- Graduated: This plan is for those who earn too much to qualify for an income-based repayment plan but still struggle with monthly payments. Graduated repayment plans start with low monthly payments that gradually increase every two years. These plans are typically paid off in 10 years.
- Income-based: This repayment option is based on your monthly income. A percentage of your discretionary income, which is the difference between your adjusted gross income and 150% of the annual poverty line for your family size, calculates what you owe each month.
It’s important to note that while your payments will be lower each month, the total amount of interest you pay on the loan will be significantly more with these types of repayment plans.
Apply for an Assistance Program
There are many types of assistance programs available to help people pay off their student loans. Assistance is offered through federal, state, and military programs. Additionally, those seeking vocational training can obtain loan assistance, as the government is eager to train professionals in all vocations.
You can also find loan assistance in other places, such as your job. Your employer may even offer a loan repayment incentive program. To apply for the loan assistance program that’s right for you, conduct some research to see which programs you qualify for.
Earn Student Loan Forgiveness
Some programs exist that will result in complete or partial forgiveness of your student loans. Typically these are tied to your occupation, such as nursing, being a teacher, or working for a non-profit. Other circumstances, like financial hardship or disability discharge, can make an individual eligible for student loan forgiveness.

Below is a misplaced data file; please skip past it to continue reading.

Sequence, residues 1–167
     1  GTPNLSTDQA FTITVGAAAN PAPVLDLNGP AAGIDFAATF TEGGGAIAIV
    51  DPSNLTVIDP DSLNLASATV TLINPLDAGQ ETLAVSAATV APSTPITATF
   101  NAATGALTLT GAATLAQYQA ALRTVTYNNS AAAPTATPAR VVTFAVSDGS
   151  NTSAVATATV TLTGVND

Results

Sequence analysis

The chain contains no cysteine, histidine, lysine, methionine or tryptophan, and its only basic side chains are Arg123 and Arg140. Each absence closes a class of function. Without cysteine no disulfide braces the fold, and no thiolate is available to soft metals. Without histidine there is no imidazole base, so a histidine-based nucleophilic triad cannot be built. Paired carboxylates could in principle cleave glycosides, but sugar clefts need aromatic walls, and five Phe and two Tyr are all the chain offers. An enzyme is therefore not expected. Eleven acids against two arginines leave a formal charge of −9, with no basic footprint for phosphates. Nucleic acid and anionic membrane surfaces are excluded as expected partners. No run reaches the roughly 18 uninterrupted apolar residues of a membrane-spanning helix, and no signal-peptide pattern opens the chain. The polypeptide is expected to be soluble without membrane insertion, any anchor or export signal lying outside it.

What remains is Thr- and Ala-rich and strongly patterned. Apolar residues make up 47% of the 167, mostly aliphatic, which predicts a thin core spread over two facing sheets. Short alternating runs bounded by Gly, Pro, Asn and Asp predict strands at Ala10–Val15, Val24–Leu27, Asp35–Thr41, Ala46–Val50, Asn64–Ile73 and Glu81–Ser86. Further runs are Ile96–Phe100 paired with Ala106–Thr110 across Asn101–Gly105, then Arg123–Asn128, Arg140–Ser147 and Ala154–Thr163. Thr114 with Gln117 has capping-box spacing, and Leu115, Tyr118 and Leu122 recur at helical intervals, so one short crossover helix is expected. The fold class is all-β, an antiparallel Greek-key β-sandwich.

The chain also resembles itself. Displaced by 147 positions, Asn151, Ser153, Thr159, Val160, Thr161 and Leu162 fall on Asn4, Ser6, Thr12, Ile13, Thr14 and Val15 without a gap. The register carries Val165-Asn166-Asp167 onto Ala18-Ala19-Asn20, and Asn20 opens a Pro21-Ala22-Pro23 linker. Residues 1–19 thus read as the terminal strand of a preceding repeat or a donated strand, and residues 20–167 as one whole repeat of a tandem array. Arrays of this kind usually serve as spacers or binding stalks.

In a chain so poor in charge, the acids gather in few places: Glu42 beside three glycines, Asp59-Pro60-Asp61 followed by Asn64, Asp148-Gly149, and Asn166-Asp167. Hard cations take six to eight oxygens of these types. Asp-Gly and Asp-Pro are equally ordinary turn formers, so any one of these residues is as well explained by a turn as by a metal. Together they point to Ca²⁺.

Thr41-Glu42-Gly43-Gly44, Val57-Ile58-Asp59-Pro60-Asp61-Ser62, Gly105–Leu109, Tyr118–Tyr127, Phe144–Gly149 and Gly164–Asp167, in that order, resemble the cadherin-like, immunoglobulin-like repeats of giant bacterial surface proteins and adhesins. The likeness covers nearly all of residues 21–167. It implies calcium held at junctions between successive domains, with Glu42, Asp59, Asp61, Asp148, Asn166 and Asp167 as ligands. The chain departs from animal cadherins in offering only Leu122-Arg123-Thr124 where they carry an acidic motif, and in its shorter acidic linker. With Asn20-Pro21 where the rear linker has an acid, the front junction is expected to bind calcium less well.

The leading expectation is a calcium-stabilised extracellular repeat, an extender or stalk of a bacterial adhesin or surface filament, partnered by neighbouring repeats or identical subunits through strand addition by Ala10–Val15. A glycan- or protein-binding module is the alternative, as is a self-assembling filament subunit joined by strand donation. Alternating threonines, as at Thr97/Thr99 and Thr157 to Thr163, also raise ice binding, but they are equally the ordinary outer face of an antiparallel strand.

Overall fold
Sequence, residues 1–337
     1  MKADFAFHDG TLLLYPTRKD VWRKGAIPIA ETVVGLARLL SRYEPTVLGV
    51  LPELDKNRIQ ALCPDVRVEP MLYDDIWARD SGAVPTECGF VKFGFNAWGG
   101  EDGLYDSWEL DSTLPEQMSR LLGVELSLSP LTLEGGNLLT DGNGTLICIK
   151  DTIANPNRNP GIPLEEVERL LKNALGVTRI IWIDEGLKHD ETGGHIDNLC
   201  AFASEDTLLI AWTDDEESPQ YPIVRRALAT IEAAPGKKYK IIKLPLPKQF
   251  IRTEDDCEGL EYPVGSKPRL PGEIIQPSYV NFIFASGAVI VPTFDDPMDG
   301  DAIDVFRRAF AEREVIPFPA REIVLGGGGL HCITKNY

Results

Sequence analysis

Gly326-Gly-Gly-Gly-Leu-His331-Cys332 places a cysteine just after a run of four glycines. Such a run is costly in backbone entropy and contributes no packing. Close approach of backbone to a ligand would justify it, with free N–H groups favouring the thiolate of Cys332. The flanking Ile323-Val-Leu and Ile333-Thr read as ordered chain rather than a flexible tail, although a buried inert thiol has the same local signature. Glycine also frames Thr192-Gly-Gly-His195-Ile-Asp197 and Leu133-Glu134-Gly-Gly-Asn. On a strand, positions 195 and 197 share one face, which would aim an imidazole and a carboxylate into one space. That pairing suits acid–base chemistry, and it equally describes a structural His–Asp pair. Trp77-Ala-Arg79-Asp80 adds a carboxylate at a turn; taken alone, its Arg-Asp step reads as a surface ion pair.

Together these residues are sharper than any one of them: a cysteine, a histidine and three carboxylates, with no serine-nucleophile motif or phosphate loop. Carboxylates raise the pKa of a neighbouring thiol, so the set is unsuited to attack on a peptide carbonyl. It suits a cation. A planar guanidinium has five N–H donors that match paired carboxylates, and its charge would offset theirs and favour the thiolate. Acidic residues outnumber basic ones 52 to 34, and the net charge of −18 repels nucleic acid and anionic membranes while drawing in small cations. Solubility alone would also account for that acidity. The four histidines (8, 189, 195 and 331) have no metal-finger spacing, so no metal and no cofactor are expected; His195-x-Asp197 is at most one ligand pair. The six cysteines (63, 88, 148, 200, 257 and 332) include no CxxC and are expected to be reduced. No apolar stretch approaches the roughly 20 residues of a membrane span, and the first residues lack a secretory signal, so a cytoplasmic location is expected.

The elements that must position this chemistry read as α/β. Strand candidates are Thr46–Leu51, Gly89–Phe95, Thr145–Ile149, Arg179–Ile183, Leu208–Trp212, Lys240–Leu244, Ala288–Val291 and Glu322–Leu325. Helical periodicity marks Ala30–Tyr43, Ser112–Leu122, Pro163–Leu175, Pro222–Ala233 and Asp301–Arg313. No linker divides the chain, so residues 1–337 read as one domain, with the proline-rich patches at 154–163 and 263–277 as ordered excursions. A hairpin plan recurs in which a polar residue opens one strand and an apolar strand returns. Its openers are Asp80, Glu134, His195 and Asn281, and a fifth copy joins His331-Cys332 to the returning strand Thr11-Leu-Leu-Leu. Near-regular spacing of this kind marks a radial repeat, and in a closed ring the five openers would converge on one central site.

Make Consistent On-Time Payments
To pay less on your student loans each month, do your best to pay on time. Making payments on-time month over month will help you to avoid late fees that can add substantially to the cost of your student loans. To ensure you never miss a payment, enroll in an auto-pay feature that allows you to schedule payments each month.
Use Old-Fashioned Budgeting
Before you enroll in a payment plan that lessens what you owe each month, create a budget that outlines how much you can realistically afford to pay. This may seem obvious, but ensuring you are budgeting properly and able to make your payments on time will help prevent additional fees.
Refinance Your Loans
Refinancing your loans can reduce your interest rate, but your ability to refinance depends on factors like the type of loans you have (federal or private). Furthermore, if you have private student loans, refinancing will only be beneficial if you have a good credit score. It can also cause you to lose access to repayment assistance programs.
Ultimately, refinancing has a number of drawbacks and is better approached as a long-term rather than a short-term plan. Companies like Credible and SoFi can help you consolidate and refinance your loans for a lower monthly payment.